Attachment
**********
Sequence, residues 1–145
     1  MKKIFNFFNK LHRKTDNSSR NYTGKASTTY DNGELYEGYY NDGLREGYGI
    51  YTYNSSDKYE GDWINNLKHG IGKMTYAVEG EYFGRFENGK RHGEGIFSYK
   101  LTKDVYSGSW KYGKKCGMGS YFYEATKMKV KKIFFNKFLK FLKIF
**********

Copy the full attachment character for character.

Sequence, residues 1–145
     1  MKKIFNFFNK LHRKTDNSSR NYTGKASTTY DNGELYEGYY NDGLREGYGI
    51  YTYNSSDKYE GDWINNLKHG IGKMTYAVEG EYFGRFENGK RHGEGIFSYK
   101  LTKDVYSGSW KYGKKCGMGS YFYEATKMKV KKIFFNKFLK FLKIF